Just what is the President's agenda? Sure seems like this administration has no idea what it's doing foreign policy-wise sometimes. I think the only reason her trip is more "hostile" to the President's agenda is that she's a Democrat who happens to be Speaker of the House. The idea that the trip is "unconstitutional" is ludicrous. Pelosi is not making treaties, international agreements, or speaking for the United State. The cases Kyle cites don't provide him any support here. Goldwater was about Congress objecting to the President's unilateral recognition of China's communist government over the exiled former government in Taiwan... to extract from that that somehow the President has the power to shut off any dialogue between a member of Congress and a officials in a foreign state is a fantastic leap indeed.

6:41 PM  
Blogger Marc said...

Kyle... How was David "right"? I don't remember David ever even stating an opinion, he only asked a question.

6:43 PM  
Blogger Kyle said...

I don't know what the President's policy towards Syria is (although I assume that it is isolation of some sort). Pelosi's specific purpose was to subvert the current foreign policy in favor of her own. That seems to me a patent violation and specifically the thing which the Constitution sought to avoid.

You're right that "any dialogue" between members of Congress and a foreign nation would not be prohibited, but pursuing foreign policy is left to the discretion of the President. Arguing that it's the wrong policy or that he has purely political motives is no argument. Anyone other than the President pursuing foreign policy without his blessing (or at least without his objection) is acting outside the Constitutional structure.

P.S. - I thought David's question was an assertion in the form of a question.

7:47 PM  
Blogger Marc said...

Under this Constitutional "theory" of yours... just where do you draw the line. Who decides what the "intent" of someone's actions are? Seems pretty damn political to me. A Republican is "assumed" to not be subverting the President while a Democrat is "assumed" to be subverting. It also seems to me that under your odd interpretation, that a politician could "violate" the Constitution by merely criticizing the Administration's foreign policy and proposing an alternative course of action. I mean, surely that would be "subvert[ing] the current foreign policy in favor of [they're] own." I don't think the President has any power over a member of Congress communicating with a foreign official. You're on pretty thin ice here by any measure.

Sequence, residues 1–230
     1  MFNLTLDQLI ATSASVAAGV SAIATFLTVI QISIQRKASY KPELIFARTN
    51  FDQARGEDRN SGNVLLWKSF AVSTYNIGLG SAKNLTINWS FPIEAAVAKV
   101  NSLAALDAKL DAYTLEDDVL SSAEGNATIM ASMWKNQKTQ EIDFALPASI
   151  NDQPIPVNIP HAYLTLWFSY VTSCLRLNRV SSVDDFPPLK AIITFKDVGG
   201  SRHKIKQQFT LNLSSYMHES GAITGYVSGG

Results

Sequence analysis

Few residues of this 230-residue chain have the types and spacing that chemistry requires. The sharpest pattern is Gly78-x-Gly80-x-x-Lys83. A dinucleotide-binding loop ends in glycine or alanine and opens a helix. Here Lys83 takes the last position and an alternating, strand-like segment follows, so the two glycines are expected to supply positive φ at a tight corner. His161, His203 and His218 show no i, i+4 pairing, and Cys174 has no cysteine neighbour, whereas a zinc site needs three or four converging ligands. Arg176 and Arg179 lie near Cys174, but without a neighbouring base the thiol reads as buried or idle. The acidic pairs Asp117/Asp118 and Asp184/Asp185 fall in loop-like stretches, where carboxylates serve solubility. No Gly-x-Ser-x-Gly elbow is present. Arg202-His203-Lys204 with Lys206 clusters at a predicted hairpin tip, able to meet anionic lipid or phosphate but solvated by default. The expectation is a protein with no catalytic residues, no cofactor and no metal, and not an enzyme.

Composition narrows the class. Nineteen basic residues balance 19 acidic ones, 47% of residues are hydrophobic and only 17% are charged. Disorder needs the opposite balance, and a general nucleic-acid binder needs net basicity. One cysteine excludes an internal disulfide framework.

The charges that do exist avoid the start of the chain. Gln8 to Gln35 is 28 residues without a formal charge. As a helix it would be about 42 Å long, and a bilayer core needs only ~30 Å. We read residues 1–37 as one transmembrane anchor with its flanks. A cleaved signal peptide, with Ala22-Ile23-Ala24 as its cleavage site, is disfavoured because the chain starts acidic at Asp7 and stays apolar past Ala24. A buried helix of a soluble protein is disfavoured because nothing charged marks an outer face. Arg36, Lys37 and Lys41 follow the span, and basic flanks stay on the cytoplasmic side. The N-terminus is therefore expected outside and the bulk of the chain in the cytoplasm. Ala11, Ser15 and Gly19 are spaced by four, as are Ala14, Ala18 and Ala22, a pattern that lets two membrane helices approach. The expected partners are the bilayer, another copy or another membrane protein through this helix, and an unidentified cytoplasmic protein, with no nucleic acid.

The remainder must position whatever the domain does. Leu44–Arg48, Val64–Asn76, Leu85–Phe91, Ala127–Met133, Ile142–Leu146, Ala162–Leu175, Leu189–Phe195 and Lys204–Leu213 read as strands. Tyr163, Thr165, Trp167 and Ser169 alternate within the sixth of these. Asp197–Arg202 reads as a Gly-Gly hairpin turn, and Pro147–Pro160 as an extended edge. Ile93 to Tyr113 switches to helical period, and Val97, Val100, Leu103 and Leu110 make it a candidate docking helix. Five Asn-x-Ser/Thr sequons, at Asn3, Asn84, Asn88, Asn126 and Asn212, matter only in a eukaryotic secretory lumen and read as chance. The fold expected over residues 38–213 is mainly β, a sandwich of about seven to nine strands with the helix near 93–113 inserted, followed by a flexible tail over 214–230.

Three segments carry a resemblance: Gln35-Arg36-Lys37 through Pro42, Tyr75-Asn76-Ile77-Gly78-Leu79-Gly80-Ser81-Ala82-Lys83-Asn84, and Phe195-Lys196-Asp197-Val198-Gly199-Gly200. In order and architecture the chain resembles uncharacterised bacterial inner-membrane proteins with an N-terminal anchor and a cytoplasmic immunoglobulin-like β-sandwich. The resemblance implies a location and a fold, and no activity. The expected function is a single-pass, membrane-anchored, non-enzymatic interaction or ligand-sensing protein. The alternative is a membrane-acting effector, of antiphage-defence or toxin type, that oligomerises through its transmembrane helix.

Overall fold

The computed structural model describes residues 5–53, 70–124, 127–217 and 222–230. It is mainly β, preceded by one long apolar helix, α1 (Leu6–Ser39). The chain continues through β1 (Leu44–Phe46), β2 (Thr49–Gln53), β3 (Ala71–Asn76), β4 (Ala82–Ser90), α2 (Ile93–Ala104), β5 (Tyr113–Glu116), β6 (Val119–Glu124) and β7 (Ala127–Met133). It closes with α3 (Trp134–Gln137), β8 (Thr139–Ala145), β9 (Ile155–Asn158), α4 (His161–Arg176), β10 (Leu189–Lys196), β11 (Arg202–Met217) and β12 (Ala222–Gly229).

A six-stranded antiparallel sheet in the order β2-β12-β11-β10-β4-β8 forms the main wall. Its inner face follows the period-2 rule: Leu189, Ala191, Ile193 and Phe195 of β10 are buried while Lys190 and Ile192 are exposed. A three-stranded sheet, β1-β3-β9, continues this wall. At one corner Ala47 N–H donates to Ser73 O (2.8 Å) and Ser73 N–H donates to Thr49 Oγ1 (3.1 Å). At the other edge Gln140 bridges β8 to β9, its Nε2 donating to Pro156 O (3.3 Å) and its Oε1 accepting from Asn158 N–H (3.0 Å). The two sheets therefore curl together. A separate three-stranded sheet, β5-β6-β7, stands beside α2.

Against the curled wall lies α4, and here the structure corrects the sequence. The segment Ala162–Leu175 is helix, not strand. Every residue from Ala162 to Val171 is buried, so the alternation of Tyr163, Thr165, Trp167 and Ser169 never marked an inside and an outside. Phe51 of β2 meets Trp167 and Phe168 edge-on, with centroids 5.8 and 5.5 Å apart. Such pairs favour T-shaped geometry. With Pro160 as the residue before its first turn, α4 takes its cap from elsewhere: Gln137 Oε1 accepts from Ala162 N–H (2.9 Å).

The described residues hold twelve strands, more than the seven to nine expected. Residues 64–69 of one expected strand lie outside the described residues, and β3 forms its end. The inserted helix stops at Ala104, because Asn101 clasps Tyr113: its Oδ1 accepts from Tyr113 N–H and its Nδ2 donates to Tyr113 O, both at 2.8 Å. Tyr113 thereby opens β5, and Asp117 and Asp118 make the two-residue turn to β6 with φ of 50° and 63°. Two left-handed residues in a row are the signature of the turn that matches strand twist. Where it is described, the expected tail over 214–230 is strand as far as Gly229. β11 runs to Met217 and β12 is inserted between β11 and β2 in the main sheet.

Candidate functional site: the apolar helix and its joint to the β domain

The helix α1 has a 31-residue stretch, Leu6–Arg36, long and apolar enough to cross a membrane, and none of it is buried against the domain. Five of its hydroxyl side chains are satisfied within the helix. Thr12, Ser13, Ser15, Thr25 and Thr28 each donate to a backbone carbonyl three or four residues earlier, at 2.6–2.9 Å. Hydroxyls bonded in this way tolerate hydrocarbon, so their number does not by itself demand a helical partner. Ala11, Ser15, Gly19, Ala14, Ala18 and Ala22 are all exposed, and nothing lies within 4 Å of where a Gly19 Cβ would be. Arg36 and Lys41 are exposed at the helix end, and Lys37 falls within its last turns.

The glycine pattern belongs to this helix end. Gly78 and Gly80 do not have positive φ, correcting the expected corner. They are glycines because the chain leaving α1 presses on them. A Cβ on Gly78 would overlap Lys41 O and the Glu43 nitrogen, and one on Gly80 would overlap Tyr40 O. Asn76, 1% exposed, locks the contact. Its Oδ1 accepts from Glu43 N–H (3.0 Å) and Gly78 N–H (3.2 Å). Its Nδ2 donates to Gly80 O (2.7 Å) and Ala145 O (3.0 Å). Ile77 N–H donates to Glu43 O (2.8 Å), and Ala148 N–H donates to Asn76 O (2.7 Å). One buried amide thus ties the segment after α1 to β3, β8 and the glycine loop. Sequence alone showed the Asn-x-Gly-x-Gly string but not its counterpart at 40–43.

In any event, I think it a terrible mistake for Romney to embrace the failed policies of the Bush administration. I find it disturbing how the neo-cons have taken over the GOP and I hunger for realists in the mode of Powell, Baker, and even the current Secretary of Defense Gates.

12:33 AM  
Blogger Marc said...

This comment has been removed by the author.

12:48 AM  
Blogger Marc said...

Thought you'd find these tidbits interesting Kyle [here is the whole article]:

"'I don't care what the administration says on this. You've got to do what you think is in the best interest of your country,' said Rep. Frank Wolf, R-Va. 'I want us to be successful in Iraq. I want us to clamp down on Hezbollah'.... Returning on Wednesday, the [Republican] lawmakers said they made clear to Assad that they support Bush and were not representing the administration. But they said they felt it was important to keep open lines of communication. 'This is an area where we would disagree with the administration,' [Robert] Aderholt, [R, AL] said. 'None of us in the Congress work for the president. We have to cast our own votes and ultimately answer to our own constituents. ... I think there's room that we can try to work with them as long as they know where we draw the line.'"

1:06 AM